Love hotels are becoming more widely known, and becoming a check-box on the Japan list for more tourists, but I included this under “not a tourist attraction” because they aren’t traditionally meant to be a tourist attraction, although some are realizing their novelty appeal and facilitating tourist interest. Accounts of the “original” purpose of love hotels vary, but they conveniently solve a number of problems:
- Providing a place to pursue.. uh.. romantic activities if you live with your parents/kids/other relatives/in a very small place with thin walls or other lack of privacy.
- Providing a place to crash for a few hours if you stay out too late and miss the last train – there’s a late night train gap for a few hours in Tokyo, before the trains start running again around 5 am.
- Providing a place to have sex with someone you don’t want people to know you are having sex with.
- Providing a potentially novel sleeping (or not sleeping – heh heh) experience that you might be into.. for whatever reason.
Love hotels aren’t limited to certain areas, but some neighborhoods are more specialized than others. I’d heard a lot about them in Shinjuku. There’s also an area in Shibuya nicknamed “Love Hotel Hill” – its actual name is Dogenzaka. That is where we headed to see what the big sleazy deal was. Its walkable from Shibuya station – some sites provide detailed directions, but we basically just left Shibuya station and wandered west until the neighborhood turned to night clubs and an unnatural number of hotels.
You will know the love hotel by its two prices – one for “rest” and one for “stay”. Stay is to stay the night; rest is to rent hourly. Generally, just inside the door is a screen that displays photos of the rooms and shows which are currently available. You select your room on the screen, select the number of hours, and then pay a clerk.
According to the internet, some love hotels will refuse gay couples, or foreigners. I can’t confirm or deny that from personal experience. The clerk who booked us into Hotel Lai seemed remarkably disinterested in who he was taking money from.
The internet would like to show you photos of crazy love hotel rooms with water slides or dungeon themes (often without listing the name of the hotel) but Lai – and most of the hotels whose “menu” screens we looked at – had fairly standard rooms. There was a jet tub (the size of a typical bathtub), a graphic of a tree decorating the wall, and all the supplies you might need to put yourself back together in a couple hours – think blow dryer, razor, toiletries, hair gel, ect. Cheap wine was available and porn was on at least some of the channels, if you could figure the remote out. (Spoilers: we couldn’t really.) (Also note: like Ellen Freeman – cited below – I found 3 out of the 4 porns we encountered to be distractingly non-consensual.)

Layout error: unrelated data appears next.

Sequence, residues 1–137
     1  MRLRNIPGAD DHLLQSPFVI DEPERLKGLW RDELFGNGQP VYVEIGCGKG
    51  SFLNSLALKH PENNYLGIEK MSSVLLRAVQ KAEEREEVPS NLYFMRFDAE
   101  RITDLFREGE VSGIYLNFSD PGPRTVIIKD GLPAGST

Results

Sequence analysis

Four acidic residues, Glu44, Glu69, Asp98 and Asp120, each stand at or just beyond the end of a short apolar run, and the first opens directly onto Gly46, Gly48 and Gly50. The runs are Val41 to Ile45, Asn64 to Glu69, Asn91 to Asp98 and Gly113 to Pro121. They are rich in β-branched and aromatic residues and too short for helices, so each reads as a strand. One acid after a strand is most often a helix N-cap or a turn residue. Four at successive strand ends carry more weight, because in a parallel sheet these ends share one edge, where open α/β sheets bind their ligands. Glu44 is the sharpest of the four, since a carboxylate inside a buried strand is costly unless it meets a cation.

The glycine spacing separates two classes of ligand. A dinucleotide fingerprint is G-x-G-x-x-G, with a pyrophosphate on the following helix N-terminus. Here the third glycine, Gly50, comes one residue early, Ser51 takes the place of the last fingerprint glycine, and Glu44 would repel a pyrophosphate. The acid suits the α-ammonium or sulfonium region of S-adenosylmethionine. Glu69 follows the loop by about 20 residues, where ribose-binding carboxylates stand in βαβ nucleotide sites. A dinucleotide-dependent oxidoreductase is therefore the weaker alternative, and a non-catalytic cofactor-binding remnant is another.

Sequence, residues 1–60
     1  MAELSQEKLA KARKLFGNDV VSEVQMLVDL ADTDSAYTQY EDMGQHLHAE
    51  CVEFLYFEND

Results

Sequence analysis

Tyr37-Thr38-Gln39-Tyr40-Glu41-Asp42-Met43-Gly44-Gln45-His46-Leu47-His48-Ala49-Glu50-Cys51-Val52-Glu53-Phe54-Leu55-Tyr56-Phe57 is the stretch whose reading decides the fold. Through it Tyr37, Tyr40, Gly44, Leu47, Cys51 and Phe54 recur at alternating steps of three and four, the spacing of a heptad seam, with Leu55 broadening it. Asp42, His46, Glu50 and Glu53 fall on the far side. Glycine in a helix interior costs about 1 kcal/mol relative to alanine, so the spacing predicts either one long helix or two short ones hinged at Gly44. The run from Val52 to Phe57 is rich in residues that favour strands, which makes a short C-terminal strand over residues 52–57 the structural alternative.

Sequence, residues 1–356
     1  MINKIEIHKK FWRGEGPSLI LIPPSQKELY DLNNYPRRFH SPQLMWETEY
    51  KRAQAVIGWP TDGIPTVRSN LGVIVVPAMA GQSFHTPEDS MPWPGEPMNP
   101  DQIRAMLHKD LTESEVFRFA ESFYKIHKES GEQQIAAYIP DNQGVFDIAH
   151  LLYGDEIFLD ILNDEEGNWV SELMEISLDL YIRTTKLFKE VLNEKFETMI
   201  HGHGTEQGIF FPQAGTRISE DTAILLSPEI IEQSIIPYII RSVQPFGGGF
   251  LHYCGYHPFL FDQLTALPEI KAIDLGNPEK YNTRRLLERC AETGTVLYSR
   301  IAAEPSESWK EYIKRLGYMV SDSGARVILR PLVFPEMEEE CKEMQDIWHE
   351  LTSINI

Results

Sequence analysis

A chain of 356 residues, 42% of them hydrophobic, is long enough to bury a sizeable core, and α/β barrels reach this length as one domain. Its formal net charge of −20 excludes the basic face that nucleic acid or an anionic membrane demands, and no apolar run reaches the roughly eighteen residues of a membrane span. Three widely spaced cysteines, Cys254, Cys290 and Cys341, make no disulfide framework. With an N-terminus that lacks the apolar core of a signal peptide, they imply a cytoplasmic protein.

In case you are wondering -the room was cleaner than the average cheap motel in the US, and certainly much cleaner/in better repair than what you’d picture if I said “hourly rate” in reference to a sleeping establishment in the states.
To give credit where its due – I used a few blogs for guidance on this quest. Some of the posts I read are:
Sometimes love is simple, and this time it is. I love Japanese vending machines. I love the variety of drinks you can buy in them from (actually good) canned coffee, either hot or cold, to beer, to six varieties of green tea, to fruit sodas with flavors that are so much more “fruit” than American soda. I also love the less functional treat of buying crazy plastic figures in plastic bubbles. I love the magic of paying for a vending machine purchase with a passmo card. I love how there’s always a vending machine right up ahead along the way. We should all have more vending machines. Not a reason to visit Japan, but a place to spend your miscellaneous Yen before you go home?